Upper photos: One-inch diameter wide-flight auger; can work in loose soil but depth and volume of soil recovered can be difficult to control.
Lower photo: Recommended one-inch diameter hollow-center auger bits provide good recovery for fine-grained semi-compact soil (e.g. Speedbor Ship Auger Bit)

Heavy-duty paper plates work well in the field under dry conditions (see Figure 5-11). Pre-cut holes save field time; several plates might be required per DU if the plate tears excessively during increment collection. Wooden or metal plates might also be useful. Care should be taken not to get fragments of the plate into the sample due to potential interference in laboratory analysis from glues or metals targeted as part of the site investigation.

The drill bit does not need to be decontaminated between increments within a single DU but must be decontaminated between replicate samples and between DUs. Recent sampling kits available from soil testing supply stores include a metal foot plate with a drill guide that attaches to the base of a sampling bucket, with increments directly deposited into the bucket (see Figure 5-11).

Heavier duty drills with portable generators are also an option (Figure 5-13). This setup avoids the need for recharging batteries and is able to drill through more compact soils. These drills should only be used by an experienced person, however. The sudden torque of the drill if a rock or compact object is encountered can cause severe injury to the wrists.

Figure 5-13. High-Powered Drill and Portable Generator

Left photo: Using a high-powered, Hilti drill with a portable generator (photo from Weston Solutions)
Right photo: Using a Hilti drill and paper plate to collect soil increments (photo from Weston Solutions)

A manual, hydraulic, or electric slide hammer can also be used to advance the coring device into shallow soil (Figure 5-14). Slide hammers are effective for collecting harder packed soils but require considerable effort and energy to use in the field. A weighted slide hammer is physically lifted and lowered along a guide rod to drive the attached tool string into the ground to collect shallow soil samples.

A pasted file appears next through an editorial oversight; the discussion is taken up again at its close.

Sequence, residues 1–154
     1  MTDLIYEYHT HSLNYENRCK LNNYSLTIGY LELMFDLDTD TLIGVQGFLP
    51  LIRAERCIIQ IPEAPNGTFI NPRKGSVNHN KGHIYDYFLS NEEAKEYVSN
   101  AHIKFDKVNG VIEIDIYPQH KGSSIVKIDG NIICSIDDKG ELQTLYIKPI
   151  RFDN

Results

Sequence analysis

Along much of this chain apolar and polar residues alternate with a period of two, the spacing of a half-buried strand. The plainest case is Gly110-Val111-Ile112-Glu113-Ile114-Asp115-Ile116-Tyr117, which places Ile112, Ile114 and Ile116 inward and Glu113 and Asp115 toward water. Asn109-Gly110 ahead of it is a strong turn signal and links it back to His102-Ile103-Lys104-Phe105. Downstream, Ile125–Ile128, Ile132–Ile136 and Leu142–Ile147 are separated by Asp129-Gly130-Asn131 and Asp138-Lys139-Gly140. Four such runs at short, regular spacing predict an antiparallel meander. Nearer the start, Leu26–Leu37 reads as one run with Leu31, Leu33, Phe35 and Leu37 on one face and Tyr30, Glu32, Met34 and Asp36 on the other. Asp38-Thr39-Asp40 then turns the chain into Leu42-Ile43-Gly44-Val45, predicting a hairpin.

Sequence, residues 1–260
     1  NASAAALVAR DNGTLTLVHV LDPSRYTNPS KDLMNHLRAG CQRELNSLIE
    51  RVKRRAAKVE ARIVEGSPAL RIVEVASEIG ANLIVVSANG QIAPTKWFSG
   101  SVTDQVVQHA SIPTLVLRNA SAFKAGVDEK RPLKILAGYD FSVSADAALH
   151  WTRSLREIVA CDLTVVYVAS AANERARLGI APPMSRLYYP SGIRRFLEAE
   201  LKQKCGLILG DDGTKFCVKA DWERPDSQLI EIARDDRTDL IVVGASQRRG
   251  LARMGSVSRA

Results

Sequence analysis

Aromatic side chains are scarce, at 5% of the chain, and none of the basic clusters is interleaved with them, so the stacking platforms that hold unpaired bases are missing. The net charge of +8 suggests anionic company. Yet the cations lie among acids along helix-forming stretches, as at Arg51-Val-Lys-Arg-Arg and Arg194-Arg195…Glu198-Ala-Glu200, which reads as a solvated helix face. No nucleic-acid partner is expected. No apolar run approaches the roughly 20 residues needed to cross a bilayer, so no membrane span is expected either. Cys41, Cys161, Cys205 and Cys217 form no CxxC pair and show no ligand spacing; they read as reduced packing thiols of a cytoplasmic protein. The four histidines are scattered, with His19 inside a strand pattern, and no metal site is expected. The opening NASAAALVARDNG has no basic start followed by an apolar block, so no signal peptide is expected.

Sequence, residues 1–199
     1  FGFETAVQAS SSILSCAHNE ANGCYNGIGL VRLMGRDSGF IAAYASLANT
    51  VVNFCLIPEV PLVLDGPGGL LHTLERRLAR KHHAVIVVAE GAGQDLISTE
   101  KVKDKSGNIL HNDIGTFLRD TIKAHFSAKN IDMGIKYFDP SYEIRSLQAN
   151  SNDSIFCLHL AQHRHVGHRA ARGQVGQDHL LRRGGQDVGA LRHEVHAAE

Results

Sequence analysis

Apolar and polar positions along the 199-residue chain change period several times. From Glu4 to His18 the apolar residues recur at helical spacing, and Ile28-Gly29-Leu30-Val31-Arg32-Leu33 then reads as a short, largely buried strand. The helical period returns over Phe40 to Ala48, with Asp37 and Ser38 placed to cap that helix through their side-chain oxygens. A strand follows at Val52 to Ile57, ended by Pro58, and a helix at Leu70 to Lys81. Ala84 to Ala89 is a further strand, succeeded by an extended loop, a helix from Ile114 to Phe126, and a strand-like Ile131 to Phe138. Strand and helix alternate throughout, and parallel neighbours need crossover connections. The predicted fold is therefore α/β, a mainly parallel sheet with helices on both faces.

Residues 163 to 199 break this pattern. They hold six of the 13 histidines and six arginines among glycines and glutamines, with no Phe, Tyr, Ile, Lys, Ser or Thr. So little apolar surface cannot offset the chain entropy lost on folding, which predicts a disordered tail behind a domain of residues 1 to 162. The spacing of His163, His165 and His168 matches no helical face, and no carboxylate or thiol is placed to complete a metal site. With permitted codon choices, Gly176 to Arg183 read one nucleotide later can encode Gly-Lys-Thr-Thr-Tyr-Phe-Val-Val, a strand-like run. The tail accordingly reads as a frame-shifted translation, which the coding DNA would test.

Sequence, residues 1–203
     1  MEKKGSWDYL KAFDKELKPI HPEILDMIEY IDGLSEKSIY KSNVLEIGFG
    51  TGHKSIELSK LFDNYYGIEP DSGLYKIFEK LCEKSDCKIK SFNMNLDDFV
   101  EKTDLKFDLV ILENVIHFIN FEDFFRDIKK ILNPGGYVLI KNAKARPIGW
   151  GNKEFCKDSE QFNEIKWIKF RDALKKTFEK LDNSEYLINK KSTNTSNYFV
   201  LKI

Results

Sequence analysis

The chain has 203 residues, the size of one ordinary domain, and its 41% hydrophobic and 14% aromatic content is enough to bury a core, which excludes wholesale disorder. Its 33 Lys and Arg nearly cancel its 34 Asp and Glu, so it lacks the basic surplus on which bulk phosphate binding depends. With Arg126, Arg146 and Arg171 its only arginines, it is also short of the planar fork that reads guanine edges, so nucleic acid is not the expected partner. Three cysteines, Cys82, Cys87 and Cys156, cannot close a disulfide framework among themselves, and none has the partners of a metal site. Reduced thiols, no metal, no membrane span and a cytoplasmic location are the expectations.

Figure 5-14. Use of a Slide Hammer to Collect Soil Increments

Top photo: A slide hammer assembly with rod and split spoon coring tool
Lower photos: Core barrel hammered into soil; removed core placed in increment collection bucket.


For very hard or gravelly soils, a hammer-action electric drill with a masonry bit or spade bit can be very useful to loosen the soil (Figure 5-15). A hand trowel is then used to collect an increment from the location. The trowel should be used in a manner to allow collection of a core- or slab-shaped increment that collects an equal amount of soil from the entire targeted depth.

Figure 5-15. Use of an Electric Hammer and Spade Bit

Left photos: Electric hammer (14 lb) connected to 4,000 watt, gasoline-powered portable generator used to loosen dense, hard-packed soil.
Right Photo: Trowel used to collect increment from loosened soil.

Generators, drills and bits are usually available for rent from a local hardware store. Gradually push the soil to one side as the bit moves toward the targeted depth, opening up a small gap in the ground (Figure 5-16). Use a trowel to remove a core- or slab-shaped increment from side of opening, being careful to collect an equal amount of soil from all depths. Remove large rocks from the bulk Multi Increment sample as it is being collected. Ensure that an adequate amount of <2mm material is being collected per increment to prepare a bulk sample. Collect a similar mass of finer-grained soil from each increment location to the extent practical.

Figure 5-16. Collection of Increments Soil Loosened by a Spade Bit or Heavy Duty Hand Tool

Other options include the use of a mattock or heavy-duty rock hammer to loosen core-shaped volume of soil from the hard-packed ground (Figure 5-17). A trowel is then used to collect the increment. This avoids the need to carry and rely on an electric drill and generator but adds significantly to the time and effort required to collect samples.

Figure 5-17. Heavy Duty Hand Tools

Left Photo: Narrow spade (root digger), o’o (pry bar) and mattock for collection of increments from hard-packed soil
Right Photo: Breaker bar used to cut through old asphalt surface and collect soil increments

Heavier duty hand tools can also be useful to break through hard surfaces or cut through concrete or asphalt it order to access underlying soil. This can be very labor intensive, however, and can significantly slow down sample collection activities. Chisel or spade bits used with an electric hammer show above or a tunnel bit used with an electric drill (Figure 5-18) can be used to more rapidly remove plugs of asphalt or concrete.

Figure 5-18. Tunnel Bit Use to Cut Through Asphalt or Concrete and Access Soil

(Dewalt 2-3/4 inch x 22" bit shown)

Tunnel bits are not recommended for the collection of increments from hard-packed or gravelly soil, in spite of the ability to extract a core-shaped cutting. The mass of material collected inside a standard, 2 ¾ inch bit exceeds that needed for the collection of a 1-2 kg Multi Increment sample, requiring subsampling of the bulk Multi Increment sample in the field or laboratory to reduce mass for additional processing. Removing soil and large gravel from the bit can also be tedious and time consuming.